How Travel With a Cat – Best Tips And Tricks For You

how to travel with a cat
how to travel with a cat

Do you want to know how to travel with a cat with you? Ask Jennie Lane.

The owner of Synergy Animal Behavior in Germantown, Tennessee, is a certified animal behaviorist who has traveled with as many as seven cats at once and lived to tell the story.

People may think cats aren’t good travel companions, but it is possible. Lane, RVT, and ACAAB say that the best way to travel with your cat is to start when they are young, so they get used to it.

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“They can learn to love travel if they are exposed to it from a young age,” she says.

Be aware that not all cats will learn to love exceptionally long traveling. Alice Moon-Fanelli, Ph.D., CAAB, a certified animal behaviorist and owner of Animal Behavior Consultations LLC in Hartford, Connecticut, recommends leaving cats behind in most cases.

How Travel With a Cat – Best Tips

“Most cats aren’t good candidates for going on vacation,” she says. “Most cats prefer to stay in their own homes.”

But what if your cat is no longer a kitten and you still need to drive, for example, to go to the vet? Or maybe you want to take your cat on a trip for the first time? Lane says that before going on a trip with a cat, it’s a good idea to talk to a vet and find out if the cat is “physically and mentally ready” for the trip.

Follow these tips to make traveling with a cat as easy as possible once you’ve decided your cat is ready.

How To Travel With a Cat In a Car-

Even though your cat may protest loudly, the car is often the best place for a cat to go. Most experts agree that keeping a cat in a suitable pet carrier is the most important thing when driving with a cat.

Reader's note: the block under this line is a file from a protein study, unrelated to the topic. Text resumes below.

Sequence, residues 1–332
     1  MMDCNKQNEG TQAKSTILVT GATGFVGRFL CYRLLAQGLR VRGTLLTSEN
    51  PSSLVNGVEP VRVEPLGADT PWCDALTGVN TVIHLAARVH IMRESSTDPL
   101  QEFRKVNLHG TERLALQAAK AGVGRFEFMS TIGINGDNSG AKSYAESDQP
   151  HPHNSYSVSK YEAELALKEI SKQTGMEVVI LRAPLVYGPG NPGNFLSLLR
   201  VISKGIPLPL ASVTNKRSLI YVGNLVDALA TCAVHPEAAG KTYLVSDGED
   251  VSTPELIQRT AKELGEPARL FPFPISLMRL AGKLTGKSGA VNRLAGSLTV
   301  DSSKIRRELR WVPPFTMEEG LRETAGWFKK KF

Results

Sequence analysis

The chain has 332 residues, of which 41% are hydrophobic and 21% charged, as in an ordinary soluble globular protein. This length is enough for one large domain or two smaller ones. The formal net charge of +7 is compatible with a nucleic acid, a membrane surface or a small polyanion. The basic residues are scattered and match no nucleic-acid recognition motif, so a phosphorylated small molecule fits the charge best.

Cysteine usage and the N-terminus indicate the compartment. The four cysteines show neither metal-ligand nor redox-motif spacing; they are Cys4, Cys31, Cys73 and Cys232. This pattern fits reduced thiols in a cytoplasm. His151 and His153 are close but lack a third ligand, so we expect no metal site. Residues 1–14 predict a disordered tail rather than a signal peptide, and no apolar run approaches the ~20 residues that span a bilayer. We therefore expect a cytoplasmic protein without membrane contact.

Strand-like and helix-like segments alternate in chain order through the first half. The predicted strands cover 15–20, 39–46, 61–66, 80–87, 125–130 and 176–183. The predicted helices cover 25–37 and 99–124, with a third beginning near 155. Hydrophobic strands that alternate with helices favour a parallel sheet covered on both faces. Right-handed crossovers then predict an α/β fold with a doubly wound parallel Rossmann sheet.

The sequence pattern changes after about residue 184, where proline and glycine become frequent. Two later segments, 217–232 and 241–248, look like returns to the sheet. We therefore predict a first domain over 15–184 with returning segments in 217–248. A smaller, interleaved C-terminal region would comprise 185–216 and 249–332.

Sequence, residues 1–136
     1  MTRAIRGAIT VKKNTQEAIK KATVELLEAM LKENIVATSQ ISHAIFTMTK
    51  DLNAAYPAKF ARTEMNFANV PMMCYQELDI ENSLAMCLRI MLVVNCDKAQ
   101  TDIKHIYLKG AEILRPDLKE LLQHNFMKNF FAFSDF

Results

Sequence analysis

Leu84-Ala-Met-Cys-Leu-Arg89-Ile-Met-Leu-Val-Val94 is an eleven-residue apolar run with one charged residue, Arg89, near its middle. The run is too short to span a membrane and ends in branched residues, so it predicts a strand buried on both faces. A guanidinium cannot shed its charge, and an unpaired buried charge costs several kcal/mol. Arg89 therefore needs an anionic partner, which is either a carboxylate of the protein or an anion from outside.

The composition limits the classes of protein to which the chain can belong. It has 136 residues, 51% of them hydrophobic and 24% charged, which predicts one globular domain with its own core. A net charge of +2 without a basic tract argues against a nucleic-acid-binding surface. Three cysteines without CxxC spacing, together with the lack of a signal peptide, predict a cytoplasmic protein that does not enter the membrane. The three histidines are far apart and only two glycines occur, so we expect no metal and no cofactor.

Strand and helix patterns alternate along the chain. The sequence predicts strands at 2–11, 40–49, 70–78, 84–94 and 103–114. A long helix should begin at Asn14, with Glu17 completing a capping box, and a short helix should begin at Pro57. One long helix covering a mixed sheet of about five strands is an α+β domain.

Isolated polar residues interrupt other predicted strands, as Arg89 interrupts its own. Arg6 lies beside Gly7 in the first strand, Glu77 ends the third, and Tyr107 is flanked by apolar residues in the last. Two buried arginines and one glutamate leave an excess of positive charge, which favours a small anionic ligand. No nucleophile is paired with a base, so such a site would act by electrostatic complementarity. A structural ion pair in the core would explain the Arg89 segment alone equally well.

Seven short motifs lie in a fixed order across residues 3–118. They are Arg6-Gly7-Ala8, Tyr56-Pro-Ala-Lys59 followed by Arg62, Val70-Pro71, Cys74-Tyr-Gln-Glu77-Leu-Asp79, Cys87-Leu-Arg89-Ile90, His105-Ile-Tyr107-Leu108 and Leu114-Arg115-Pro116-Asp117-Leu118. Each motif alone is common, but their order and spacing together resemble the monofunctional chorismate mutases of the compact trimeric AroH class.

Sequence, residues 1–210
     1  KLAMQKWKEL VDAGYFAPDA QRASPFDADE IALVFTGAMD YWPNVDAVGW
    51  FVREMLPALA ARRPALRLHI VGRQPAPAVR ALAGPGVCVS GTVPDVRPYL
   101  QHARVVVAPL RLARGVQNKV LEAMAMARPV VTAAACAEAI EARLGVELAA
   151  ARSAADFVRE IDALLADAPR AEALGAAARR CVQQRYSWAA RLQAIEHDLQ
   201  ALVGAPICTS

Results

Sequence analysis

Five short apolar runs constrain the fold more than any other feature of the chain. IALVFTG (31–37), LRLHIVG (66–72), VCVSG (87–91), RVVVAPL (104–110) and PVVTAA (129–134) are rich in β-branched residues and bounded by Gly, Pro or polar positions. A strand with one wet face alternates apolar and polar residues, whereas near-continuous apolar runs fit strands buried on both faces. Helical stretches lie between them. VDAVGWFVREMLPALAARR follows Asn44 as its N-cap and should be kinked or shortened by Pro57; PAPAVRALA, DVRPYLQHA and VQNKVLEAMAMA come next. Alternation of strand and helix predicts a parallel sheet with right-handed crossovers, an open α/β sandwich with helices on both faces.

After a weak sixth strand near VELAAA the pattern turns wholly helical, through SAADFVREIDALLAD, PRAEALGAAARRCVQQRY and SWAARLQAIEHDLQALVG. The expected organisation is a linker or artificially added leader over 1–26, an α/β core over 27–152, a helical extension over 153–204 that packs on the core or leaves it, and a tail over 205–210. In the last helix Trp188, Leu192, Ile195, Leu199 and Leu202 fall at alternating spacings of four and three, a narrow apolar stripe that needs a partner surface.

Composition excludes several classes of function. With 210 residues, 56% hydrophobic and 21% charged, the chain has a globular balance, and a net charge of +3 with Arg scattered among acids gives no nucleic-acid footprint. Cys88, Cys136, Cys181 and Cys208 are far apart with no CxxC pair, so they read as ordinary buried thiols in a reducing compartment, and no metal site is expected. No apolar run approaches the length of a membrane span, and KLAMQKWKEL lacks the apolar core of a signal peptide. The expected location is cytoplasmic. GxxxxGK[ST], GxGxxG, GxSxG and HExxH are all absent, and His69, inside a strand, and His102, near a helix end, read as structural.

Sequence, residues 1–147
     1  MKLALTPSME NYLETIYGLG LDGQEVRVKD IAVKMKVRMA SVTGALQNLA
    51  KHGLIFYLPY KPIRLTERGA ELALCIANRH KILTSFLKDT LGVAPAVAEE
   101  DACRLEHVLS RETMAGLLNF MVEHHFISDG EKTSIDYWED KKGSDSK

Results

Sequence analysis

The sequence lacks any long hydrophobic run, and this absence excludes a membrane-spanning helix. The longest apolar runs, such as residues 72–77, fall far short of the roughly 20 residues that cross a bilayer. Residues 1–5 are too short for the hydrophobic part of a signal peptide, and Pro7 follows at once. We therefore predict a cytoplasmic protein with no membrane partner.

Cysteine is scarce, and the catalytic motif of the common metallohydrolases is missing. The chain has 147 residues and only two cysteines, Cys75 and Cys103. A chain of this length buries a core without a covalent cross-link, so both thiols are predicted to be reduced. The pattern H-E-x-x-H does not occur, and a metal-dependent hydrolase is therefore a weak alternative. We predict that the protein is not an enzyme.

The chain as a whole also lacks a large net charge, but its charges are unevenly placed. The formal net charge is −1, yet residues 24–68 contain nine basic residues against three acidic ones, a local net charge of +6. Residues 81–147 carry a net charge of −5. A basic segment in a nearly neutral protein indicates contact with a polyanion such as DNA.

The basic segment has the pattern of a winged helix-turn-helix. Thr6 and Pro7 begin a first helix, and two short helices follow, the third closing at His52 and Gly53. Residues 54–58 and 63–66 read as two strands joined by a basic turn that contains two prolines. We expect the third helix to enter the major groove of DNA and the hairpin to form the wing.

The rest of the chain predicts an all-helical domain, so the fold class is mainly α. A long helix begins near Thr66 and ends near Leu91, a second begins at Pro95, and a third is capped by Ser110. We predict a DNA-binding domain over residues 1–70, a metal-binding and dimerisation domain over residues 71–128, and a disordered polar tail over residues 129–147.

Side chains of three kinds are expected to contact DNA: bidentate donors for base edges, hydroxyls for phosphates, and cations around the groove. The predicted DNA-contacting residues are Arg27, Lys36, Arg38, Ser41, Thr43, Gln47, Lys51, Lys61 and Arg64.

Suzanne Hetts, Ph.D., and Daniel Estep, Ph.D., both CAABs with Animal Behavior Associates Inc. in Sun City, Arizona, say, “The first thing to think about is how you are going to hold your pet.”

That’s because pets can distract drivers, and cats like to get under their feet. But a July 2011 American Automobile Association and Kurgo found that only 16 percent of pet owners restrain their pets, even though 83 percent of drivers know that having a pet in the car could be dangerous because it could distract them.

How Travel With a Cat – Best Tips

how to travel with a cat

Most vets recommend pet carriers that are big enough for the cat to stand up and move around.

The All Feline Hospital website says, “Put your cat in a large, sturdy carrier that lets them stand up, stretch, and turn around easily.” The Snoozer Products for Pets The Roll Around 4-in-1 Travel Dog & Cat Carrier is up to 23 inches long, 15.5 inches wide, and 12.25 inches high.

It can hold cats up to 21 pounds and has wheels to roll your precious pet. The MidWest Skudo Deluxe Plastic Pet Carrier is sturdy plastic and has a metal grate door that locks with a button.

AAA also says keeping the pet carrier in the back seat is best. If your pet is in the passenger seat, even in a crate, and the airbag goes off, it could hurt your pet.

How Travel With a Cat – Best Tips

Cats don’t like change as other pets do, so experts like Dr. Moon-Fanelli suggest getting the cat used to its carrier by putting treats, catnip, comfortable blankets, and toys in it. Pet owners can also take their cats on short trips to get them used to traveling.

For example, Dr. Moon-Fanelli says that she would take her cat out for ice cream so that the carrier would remind her cat of good times.

AAA says it’s also important to plan stops so cats can stretch their legs and go to the bathroom. For example, if you let the cat out of its carrier while stopped, ensure all doors and windows are closed.

Also, ensure the cat is in the airline or a tight cat harness and leash, like the PetSafe Come With Me Kitty Harness, when you get out of the car.

How To Travel With a Cat On a Plane-

Cats are becoming more common on airplanes, but many experts say that flying should only be done when no other options are left.